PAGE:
Brock Christmas Tree Farm has deep roots
by Mick Rhodes | email@example.com
In 1961, shortly after buying a nearly two-acre lot in what was then mostly wide open north Claremont, René Brock planted an Italian stone pine.
It remains there today, now 50 feet tall. Its oddly shaped canopy and massive trunk serve as a reminder of the decades that have passed mostly unchanged at Brock Christmas Tree Farm, and in stark contrast to the aggressive development Claremont has seen over that same period.
René’s son David Brock was seven in 1961.
“That tree was planted in the first year or two, with the intention of pruning it and turning it into a Christmas tree,” said David. “And it got bigger and bigger and nobody decided to do anything with it, and then we realized it was sort of a picturesque tree, and that’s where it is now, a huge tree that takes up a lot of sunshine.”
Brock grew up playing at the farm and working the land with his father. He helped ferry water from his family’s Claremont home up to the property prior to municipal water service. When René died in 2002, he took over the farm’s care and feeding. He, along with his partner of 23 years Rebecca Hamm, and his sister Bonnie Brock, are now the co-owners of Brock Christmas Tree Farm.
Though gone nearly 20 years, his father’s presence remains in many ways, not the least of which in the massive pine that stands sentry in the middle of the lot.
“We periodically trim it a little bit, because it really casts a pretty big shadow,” Brock said of the huge sapling, seemingly unaware (or maybe not?) of the wonderful metaphor.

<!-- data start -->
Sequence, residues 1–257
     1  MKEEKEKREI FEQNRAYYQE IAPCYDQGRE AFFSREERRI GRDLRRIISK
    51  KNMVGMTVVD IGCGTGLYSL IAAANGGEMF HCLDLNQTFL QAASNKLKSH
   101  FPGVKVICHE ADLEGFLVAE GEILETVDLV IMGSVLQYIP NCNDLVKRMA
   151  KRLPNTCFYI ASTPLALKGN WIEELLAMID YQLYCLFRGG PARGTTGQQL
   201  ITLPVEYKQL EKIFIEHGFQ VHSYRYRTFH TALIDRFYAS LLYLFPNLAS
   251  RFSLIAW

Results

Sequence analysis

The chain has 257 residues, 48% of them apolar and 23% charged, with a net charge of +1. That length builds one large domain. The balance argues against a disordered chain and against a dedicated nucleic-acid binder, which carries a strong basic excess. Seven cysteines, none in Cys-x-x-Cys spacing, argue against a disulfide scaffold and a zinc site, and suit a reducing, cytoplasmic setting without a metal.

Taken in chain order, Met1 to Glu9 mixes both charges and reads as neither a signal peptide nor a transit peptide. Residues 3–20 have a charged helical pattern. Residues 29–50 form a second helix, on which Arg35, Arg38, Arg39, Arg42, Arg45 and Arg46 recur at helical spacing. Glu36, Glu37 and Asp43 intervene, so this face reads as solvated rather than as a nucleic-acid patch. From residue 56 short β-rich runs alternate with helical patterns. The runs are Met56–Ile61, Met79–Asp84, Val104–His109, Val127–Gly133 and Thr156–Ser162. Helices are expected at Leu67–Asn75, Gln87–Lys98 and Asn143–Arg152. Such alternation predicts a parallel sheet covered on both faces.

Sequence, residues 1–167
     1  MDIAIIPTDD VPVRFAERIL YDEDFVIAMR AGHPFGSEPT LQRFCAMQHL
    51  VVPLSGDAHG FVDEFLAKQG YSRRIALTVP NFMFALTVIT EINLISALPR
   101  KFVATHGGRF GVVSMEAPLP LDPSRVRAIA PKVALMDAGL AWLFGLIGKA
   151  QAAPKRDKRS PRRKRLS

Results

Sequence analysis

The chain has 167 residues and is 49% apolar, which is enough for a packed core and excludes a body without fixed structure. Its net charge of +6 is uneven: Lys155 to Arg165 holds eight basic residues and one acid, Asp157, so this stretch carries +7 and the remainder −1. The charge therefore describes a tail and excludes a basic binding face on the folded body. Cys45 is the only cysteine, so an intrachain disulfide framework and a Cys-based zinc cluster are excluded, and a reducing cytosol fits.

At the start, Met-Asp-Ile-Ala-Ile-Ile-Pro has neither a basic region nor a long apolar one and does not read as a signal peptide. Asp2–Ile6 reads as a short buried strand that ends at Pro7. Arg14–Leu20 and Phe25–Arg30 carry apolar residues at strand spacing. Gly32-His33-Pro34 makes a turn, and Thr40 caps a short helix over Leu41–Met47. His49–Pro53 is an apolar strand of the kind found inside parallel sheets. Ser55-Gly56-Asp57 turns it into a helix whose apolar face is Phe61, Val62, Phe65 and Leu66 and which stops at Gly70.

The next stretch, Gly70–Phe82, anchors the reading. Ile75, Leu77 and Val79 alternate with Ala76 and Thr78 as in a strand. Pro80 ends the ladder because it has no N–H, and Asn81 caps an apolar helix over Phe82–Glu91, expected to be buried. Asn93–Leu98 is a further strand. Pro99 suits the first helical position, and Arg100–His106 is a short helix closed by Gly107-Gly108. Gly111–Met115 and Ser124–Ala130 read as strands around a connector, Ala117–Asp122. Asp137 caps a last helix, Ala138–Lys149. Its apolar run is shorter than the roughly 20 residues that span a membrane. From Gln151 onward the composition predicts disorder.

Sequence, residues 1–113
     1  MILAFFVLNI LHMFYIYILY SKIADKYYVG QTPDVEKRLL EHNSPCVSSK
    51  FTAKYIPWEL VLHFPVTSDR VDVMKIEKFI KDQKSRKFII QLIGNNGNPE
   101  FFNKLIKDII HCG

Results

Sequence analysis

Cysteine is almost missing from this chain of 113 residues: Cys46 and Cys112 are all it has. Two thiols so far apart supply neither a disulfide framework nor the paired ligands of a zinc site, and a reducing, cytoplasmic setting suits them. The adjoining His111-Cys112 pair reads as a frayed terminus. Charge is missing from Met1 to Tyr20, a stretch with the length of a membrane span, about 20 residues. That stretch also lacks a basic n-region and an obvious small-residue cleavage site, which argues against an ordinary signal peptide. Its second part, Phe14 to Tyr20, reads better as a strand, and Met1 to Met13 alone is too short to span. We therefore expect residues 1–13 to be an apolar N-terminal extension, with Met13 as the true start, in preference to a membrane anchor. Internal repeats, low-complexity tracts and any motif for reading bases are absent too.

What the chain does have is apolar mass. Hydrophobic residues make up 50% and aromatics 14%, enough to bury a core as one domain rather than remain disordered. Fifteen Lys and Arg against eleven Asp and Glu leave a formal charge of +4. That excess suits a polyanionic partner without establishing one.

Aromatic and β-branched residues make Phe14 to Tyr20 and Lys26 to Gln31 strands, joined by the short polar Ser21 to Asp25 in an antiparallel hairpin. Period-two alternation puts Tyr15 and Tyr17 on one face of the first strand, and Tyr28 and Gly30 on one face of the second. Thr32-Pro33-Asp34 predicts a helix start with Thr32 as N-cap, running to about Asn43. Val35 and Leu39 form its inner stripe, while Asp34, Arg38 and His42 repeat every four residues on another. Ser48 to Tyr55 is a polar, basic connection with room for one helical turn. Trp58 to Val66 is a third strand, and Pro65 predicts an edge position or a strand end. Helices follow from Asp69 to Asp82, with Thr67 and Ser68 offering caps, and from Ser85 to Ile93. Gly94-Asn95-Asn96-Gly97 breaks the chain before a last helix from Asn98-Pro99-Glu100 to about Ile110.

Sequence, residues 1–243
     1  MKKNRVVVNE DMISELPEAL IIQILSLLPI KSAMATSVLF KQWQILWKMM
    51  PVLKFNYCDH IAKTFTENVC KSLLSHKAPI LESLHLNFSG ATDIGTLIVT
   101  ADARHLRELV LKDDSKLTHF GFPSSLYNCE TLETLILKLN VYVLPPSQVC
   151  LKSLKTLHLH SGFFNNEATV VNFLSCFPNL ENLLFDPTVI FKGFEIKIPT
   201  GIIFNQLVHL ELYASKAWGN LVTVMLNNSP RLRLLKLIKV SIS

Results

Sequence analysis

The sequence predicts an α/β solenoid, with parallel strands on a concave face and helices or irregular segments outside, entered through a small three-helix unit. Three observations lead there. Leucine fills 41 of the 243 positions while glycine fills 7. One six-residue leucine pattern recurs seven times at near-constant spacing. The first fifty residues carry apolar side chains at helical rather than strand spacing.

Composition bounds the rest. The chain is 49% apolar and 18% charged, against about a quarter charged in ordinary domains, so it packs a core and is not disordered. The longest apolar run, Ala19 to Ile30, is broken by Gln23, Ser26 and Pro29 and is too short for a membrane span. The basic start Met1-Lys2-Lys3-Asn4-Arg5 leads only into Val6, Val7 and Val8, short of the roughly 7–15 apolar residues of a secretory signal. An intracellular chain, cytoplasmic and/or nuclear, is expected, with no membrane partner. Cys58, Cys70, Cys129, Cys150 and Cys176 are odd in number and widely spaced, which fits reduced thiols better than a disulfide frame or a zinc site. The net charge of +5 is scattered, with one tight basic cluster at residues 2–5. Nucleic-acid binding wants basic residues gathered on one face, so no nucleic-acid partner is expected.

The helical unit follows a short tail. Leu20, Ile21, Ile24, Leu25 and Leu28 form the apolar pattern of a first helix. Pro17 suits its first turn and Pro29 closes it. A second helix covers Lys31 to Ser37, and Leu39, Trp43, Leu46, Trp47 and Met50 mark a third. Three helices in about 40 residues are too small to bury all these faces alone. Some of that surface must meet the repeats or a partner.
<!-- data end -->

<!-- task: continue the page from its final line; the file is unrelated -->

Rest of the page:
I asked him about the symbolism of that tree.
Throughout “the whole property I feel like I’m communing with dad, because his footsteps were all over it, the perimeter, that big tree, up on the slope, some of the stakes that he liked to paint white for staking trees up, they’re still around. So yeah, there’s a lot of his hand all over the property.”
At Brock farm there are exactly zero inflatable holiday decorations. You won’t see carolers, complimentary hot chocolate or hear piped in holiday music on an endless loop. It’s quiet up there. Peaceful. Meditative even.
Visitors stroll the small grove of pines and cypress, make their choice and cut their tree themselves. That’s what drew me and my 11-year-old son Everett last Saturday.
Brock showed us around the farm, pointing out the varieties and recalling 60 years of family history there. Everett found a nice six-foot pine. Brock got him started with a guide cut, then handed him a small hand saw.
In today’s ultra-litigious society, it’s reassuring that something so tied to the earth as felling a tree is still available to kids without an adult’s signature on a multi-page release of liability. As a man of a certain age, I appreciate the nostalgia.
“Well, I do tell people to be careful, the saw is sharp,” Brock said. “I haven’t had any saw accidents though.”
Everett loved it. And I relished it too; finding a new outdoor experience for us to enjoy together that doesn’t cost half a week’s salary — especially with a typical screen-obsessed 11-year-old — is a major win any parent.